author: orisha greschner | news editor
time for dress up/ jeremy davis
A style challenge to end human trafficking
Human trafficking is present in almost every city in the world. It is estimated that there are currently more than 30 million victims of slavery worldwide; of that, 25 per cent are children, and 75 per cent are women and girls.
Slavery can take many different faces, from forced labour in the garment industry to exploitation in the global commercial sex trade, the fastest growing criminal industry in the world. Humans, people, women, are still being bought and sold like products. An idea thought by many to be one of the past.
In 2009, as a response to learning about the modern issue, Blythe Hill challenged herself to wear a dress every day of December to raise awareness. By 2013, the movement blossomed into an international campaign to aid the fight against sex trafficking.
Now, every year, thousands of advocates around the world take on the creative challenge of wearing a dress or tie during the 31 days of December.
The funds raised by the movement each year are used by partners, including the International Justice Mission and the New Abolitionists, to rescue victims, build stronger legal cases for court, and help restore the lives of survivors. But why a dress?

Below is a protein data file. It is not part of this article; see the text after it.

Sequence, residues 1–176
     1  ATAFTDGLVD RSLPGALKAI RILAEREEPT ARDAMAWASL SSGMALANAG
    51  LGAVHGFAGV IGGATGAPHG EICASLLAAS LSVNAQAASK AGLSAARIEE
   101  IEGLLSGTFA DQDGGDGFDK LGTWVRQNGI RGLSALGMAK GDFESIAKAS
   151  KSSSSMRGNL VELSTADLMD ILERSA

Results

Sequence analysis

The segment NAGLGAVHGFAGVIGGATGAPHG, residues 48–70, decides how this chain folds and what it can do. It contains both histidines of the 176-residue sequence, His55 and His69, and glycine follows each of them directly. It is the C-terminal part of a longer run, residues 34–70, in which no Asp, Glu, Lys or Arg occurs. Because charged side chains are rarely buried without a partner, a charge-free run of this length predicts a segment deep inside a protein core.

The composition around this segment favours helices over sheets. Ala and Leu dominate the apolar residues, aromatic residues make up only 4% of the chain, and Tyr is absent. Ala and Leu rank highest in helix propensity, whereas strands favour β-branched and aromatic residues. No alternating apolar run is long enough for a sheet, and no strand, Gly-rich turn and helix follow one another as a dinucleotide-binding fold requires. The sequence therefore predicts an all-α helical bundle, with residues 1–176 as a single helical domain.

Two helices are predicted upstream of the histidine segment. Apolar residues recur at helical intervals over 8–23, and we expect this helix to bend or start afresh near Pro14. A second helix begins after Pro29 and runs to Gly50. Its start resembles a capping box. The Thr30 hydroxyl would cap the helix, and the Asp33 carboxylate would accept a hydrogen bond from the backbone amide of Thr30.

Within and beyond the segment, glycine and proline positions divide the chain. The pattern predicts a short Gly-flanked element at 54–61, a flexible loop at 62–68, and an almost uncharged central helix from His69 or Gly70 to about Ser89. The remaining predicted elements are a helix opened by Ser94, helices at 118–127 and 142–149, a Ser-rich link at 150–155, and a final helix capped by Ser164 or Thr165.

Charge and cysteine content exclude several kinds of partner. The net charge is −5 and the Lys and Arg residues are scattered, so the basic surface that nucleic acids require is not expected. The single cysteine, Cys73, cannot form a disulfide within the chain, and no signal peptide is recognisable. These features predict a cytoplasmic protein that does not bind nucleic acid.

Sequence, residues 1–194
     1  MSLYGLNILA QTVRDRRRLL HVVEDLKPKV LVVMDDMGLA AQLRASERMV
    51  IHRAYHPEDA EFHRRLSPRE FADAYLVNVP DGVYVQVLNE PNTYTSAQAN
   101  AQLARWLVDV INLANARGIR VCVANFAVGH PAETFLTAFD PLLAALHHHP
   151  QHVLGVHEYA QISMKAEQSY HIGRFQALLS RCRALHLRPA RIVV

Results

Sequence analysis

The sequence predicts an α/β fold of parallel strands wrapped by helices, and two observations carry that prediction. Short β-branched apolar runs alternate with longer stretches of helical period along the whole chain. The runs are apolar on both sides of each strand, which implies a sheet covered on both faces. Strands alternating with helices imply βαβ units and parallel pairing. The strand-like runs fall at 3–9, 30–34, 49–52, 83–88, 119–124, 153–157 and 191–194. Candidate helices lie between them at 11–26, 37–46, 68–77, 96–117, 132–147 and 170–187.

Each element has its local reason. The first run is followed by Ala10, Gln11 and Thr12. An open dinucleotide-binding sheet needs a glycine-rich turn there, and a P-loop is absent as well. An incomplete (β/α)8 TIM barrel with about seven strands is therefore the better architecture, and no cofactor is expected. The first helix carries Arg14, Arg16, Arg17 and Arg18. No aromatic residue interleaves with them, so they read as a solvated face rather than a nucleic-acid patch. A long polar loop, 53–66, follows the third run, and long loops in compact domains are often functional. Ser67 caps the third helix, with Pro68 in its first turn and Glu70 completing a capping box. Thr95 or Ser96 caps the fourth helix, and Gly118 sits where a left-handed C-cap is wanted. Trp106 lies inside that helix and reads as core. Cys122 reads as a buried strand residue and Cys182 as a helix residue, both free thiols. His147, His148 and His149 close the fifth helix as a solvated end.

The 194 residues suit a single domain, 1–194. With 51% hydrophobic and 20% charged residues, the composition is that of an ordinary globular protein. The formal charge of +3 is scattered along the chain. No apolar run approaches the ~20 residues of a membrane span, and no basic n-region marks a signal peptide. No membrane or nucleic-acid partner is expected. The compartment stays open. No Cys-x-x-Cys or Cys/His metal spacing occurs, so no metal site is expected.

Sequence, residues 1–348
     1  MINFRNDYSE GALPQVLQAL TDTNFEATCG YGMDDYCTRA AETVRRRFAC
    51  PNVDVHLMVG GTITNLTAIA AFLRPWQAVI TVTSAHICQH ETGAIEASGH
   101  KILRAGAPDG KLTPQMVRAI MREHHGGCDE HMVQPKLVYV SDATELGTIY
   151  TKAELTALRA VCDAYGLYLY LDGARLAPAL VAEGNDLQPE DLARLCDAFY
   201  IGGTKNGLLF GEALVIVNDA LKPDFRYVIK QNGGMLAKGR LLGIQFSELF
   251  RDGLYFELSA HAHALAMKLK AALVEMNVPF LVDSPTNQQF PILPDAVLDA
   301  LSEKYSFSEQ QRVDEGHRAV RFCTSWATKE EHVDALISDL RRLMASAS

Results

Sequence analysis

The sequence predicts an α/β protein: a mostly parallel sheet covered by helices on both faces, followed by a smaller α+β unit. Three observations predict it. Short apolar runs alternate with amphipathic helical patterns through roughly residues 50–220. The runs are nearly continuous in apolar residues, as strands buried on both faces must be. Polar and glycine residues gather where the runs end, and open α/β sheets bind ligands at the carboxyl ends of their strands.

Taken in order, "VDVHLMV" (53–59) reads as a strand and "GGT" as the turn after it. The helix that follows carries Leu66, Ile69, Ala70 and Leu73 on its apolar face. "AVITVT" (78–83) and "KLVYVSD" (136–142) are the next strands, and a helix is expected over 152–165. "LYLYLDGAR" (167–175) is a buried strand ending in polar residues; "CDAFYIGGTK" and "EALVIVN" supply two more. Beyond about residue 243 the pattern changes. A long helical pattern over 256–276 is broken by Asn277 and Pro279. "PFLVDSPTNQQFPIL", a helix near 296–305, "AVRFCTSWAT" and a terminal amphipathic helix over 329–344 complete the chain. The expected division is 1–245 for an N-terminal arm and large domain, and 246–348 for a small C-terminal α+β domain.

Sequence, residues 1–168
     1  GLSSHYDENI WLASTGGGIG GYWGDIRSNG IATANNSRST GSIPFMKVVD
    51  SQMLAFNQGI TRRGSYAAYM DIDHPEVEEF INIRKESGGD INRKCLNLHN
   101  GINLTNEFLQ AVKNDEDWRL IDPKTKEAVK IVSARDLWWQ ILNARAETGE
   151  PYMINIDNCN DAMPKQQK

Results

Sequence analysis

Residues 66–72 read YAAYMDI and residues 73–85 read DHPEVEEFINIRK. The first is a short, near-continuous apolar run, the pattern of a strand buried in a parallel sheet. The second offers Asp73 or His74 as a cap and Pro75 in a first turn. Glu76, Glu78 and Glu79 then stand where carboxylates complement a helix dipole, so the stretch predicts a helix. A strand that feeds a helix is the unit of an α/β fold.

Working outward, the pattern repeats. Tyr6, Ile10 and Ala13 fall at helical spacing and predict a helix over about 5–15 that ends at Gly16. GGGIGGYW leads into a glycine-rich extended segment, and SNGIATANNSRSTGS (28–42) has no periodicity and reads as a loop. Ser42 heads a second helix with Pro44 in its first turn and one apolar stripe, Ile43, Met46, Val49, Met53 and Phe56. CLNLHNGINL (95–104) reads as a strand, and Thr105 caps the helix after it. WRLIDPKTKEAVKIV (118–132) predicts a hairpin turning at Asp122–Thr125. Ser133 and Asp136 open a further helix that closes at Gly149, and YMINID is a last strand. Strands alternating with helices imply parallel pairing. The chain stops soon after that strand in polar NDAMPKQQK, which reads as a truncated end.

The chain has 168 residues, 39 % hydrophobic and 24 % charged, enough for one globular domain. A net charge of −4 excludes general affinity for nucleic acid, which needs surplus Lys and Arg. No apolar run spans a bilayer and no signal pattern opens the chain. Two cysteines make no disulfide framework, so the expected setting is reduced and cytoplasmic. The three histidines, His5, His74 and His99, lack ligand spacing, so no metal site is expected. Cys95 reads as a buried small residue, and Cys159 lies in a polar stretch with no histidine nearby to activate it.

“The dress or tie serves as the conversation starter to educate your community about modern slavery,” says Blythe Hill. “[It’s] our uniform, the flag of our movement. Dressember is an opportunity to reclaim and reappropriate the dress as a symbol of freedom and power; a flag for the inherent dignity of all people.”
Abbie Tratch, a student from the University of Saskatchewan, said, “Wearing a dress every day can be a challenge, especially for cold Saskatchewan winters. However, it has made me realize the privilege I have to be able to go home and become comfortable by putting on sweats when there are people elsewhere being abused, sold and stolen from their homes.”
Mira Cappello, a University of Regina student, adds, “When people ask you why you are wearing a dress in -40 weather you have the perfect opportunity to advocate for the cause.”
Some easy ways for you to become involved in the movement this December include pledging to wear a dress or tie every day of month, creating an online campaign page, committing to learn more about modern-day slavery, posting about it on social media, and finding fun ways to fundraise. For example, having a bake sale, clothing swap or going door to door.
A very popular means of raising awareness for the campaign has been women posting pictures on Instagram of them doing all sorts of activities in a dress using the hashtag #youcandoanythinginadress.
University of Regina student Basi Kay exclaims, “Dressember is such an engaging way to raise awareness for one of the most underground injustices. It is so amazing that we are presented with the opportunity to make such a difference through such fun and comparatively easy means. I truly encourage everyone to participate, even if it is only just for one day!”